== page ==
One of the many jobs undertaken by microglia in the central nervous system is to clean up pathogens, cell debris, and other molecular waste, ingesting it and breaking it down. Microglia become less capable with age, which is at least in part attributed to the more inflammatory environment characteristic of older individuals, but there are probably other significant causes. These cells do not replicate, and so are most likely more vulnerable to the accumulation of molecular damage than most cell populations.
In particular, this and other forms of stress can lead to cellular senescence, and senescent microglia have now been implicated in the progression of Parkinson's disease and Alzheimer's disease. The advent of senolytic therapies to selectively destroy senescent cells may turn out to produce significant benefits to patients with these and other neurodegenerative conditions. Of note, cellular senescence causes issues in part because these errant cells produce inflammatory signaling that rouses and disrupts the immune system, including other microglia. Cause and effect in the brain can be quite circular and confusing.
The ingest-then-digest procedure employed by microglia and other immune cell types in the body is called phagocytosis. A new study used laboratory techniques to identify mouse genes whose activity either impairs or enhances microglial phagocytosis and whose activity levels either increase or decrease substantially with age. The investigators picked about 3,000 genes encoding proteins that they judged could be targeted by drugs or that had already been the focus of drug development. The goal was to learn how each blockade affected the ability of cultured mouse microglia to ingest small particles of latex. One at a time, they blocked each gene's ability to encode a protein. In a parallel experiment, the investigators determined which of those approximately 3,000 genes are more or less active in microglia from the hippocampi of young mice versus old mice.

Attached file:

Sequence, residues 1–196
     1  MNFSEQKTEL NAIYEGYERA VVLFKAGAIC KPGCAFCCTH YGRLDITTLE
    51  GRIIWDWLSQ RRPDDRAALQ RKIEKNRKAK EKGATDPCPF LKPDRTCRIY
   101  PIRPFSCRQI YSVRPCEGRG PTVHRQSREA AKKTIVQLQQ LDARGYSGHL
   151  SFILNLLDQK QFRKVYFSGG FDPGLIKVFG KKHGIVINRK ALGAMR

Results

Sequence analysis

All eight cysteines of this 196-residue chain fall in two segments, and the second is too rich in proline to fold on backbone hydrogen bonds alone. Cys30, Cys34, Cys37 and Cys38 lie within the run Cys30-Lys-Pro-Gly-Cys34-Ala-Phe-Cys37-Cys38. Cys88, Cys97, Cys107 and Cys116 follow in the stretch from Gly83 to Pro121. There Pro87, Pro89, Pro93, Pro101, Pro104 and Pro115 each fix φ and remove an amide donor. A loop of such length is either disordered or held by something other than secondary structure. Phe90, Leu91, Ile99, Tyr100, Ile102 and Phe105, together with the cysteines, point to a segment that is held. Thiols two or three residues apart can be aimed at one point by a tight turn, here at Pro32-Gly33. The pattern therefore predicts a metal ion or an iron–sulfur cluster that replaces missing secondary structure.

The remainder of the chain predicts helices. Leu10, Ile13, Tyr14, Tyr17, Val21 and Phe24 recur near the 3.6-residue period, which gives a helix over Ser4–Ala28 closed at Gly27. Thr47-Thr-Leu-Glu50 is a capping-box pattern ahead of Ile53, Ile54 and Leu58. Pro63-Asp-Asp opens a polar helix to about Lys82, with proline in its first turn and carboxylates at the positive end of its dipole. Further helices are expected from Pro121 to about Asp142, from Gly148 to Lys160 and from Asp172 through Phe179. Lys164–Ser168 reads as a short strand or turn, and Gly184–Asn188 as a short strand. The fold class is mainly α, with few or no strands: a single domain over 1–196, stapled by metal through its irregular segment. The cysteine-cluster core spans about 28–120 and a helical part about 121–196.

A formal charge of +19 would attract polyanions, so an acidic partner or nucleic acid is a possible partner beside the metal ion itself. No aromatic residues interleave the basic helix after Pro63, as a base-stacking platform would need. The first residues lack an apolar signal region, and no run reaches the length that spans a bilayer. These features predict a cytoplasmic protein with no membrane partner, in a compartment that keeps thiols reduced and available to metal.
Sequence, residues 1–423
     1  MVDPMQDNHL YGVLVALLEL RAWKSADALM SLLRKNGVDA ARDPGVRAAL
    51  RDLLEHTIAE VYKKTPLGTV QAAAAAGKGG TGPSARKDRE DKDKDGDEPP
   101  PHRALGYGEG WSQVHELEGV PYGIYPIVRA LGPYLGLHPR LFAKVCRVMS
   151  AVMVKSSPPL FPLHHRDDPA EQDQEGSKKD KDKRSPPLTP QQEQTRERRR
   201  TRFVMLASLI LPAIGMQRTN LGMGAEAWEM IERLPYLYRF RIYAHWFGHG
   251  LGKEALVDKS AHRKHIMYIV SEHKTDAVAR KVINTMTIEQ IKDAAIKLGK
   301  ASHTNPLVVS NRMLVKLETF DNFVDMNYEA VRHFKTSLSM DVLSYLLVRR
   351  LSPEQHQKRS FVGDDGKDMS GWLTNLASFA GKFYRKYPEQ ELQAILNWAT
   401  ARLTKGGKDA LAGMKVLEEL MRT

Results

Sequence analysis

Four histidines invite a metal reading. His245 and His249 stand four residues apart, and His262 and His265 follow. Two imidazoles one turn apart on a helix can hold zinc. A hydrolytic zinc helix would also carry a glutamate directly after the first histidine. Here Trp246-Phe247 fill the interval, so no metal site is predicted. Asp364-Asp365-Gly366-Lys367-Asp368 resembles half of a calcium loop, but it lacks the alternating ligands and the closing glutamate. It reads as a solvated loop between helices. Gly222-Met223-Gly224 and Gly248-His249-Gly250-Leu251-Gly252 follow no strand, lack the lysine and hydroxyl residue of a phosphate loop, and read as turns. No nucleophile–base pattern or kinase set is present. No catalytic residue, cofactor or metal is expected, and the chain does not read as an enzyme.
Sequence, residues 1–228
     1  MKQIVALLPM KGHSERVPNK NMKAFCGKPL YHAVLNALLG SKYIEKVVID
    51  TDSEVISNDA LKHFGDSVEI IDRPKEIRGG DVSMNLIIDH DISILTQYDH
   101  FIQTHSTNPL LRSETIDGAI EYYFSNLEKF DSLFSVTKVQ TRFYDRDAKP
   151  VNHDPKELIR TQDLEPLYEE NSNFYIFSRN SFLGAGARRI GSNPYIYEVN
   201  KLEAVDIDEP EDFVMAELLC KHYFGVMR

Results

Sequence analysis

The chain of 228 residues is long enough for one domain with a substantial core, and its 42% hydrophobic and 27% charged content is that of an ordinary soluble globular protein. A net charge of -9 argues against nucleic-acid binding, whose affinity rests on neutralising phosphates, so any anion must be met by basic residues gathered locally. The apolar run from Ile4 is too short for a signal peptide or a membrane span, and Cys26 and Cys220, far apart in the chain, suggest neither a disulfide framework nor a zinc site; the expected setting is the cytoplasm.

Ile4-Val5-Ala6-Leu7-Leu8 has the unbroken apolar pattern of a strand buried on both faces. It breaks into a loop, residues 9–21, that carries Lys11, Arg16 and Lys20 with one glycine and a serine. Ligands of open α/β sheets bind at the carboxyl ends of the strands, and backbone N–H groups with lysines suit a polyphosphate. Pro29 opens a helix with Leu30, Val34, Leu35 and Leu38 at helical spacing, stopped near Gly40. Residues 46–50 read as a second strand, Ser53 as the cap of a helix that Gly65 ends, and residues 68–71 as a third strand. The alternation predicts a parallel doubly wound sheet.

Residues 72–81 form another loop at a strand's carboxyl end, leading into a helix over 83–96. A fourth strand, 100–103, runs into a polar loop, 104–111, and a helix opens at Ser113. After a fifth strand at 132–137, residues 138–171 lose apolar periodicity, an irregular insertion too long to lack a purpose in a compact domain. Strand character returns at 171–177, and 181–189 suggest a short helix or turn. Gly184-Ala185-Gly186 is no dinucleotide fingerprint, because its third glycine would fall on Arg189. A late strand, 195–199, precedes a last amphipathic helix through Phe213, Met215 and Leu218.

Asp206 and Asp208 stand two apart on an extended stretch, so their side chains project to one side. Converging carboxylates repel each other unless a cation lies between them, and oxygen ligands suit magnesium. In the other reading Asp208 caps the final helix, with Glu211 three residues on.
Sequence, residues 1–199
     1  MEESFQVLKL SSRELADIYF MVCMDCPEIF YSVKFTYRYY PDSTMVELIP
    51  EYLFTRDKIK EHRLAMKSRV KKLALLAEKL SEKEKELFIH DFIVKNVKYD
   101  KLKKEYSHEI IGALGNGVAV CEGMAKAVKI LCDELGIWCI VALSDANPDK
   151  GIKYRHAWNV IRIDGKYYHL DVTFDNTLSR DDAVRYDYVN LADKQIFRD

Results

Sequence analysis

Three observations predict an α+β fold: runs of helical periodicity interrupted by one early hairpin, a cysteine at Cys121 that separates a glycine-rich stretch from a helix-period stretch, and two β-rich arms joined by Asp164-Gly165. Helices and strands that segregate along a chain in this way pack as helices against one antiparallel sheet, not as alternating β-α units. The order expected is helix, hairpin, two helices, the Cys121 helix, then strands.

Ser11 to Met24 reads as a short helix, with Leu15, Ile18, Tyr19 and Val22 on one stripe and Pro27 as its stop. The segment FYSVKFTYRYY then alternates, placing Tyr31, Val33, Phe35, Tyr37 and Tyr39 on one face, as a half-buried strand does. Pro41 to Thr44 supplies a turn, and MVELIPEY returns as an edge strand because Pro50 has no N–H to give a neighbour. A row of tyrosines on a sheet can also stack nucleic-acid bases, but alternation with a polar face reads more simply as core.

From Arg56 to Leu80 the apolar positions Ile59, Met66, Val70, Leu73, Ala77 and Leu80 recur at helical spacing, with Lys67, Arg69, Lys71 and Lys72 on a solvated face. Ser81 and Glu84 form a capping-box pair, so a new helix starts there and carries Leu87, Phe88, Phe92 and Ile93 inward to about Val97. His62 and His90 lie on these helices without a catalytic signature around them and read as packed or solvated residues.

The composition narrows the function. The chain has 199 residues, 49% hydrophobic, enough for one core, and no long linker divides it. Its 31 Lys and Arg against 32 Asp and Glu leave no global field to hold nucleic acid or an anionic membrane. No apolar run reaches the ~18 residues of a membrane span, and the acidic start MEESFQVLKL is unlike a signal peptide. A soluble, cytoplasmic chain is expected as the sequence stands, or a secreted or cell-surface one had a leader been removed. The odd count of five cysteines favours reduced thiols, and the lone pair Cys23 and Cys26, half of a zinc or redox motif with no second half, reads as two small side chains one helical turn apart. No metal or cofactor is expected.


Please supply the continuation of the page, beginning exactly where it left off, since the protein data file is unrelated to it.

Surprisingly, when the scientists compared the results of both experiments, they found just one gene that affected microglial phagocytosis and whose activity in microglia substantially changed with advancing age. Older microglia produced far more copies of this gene - a proxy for upregulated production of the protein for which the gene is a blueprint - than younger ones did, and knocking out its function greatly improved microglial phagocytosis. So they zeroed in on this gene, called CD22, which is found in both mice and humans. In a follow-on experiment, the CD22 protein turned up three times as often on the surface of older mice's microglia as on those of younger mice's microglia, confirming the gene-activity finding. These proteins could be blocked by antibodies, molecules that bind to a specific protein and can be generated in the lab. Antibodies are bulky and don't easily penetrate cells, but they're excellent for targeting cell-surface proteins.
The team injected antibodies to the CD22 protein into the hippocampus on one side of mice's brains. Along with the antibodies, the scientists administered bits of myelin. This substance coats numerous nerve cells, for which it provides insulation. But myelin debris accumulates in aging brains and has been shown to overwhelm microglia's ability to clear it away. The researchers found that, 48 hours later, the myelin bits they'd injected into the mice's hippocampi were far less prevalent on the side where they had administered CD22-blocking antibodies. The investigators conducted analogous experiments, substituting a protein called beta-amyloid, whose buildup in the brain is a hallmark of Alzheimer's disease, and alpha-synuclein, another protein similarly associated with Parkinson's disease. In both cases, microglia exposed to CD22-blocking antibodies outperformed their peers in ingesting the neurodegeneration-linked substances.
The team observed that old mice receiving these infusions outperformed control mice of the same age on two different tests of learning and memory that are commonly used to assess mice's cognitive ability. "The mice became smarter. Blocking CD22 on their microglia restored their cognitive function to the level of younger mice. CD22 is a new target we think can be exploited for treatment of neurodegenerative diseases."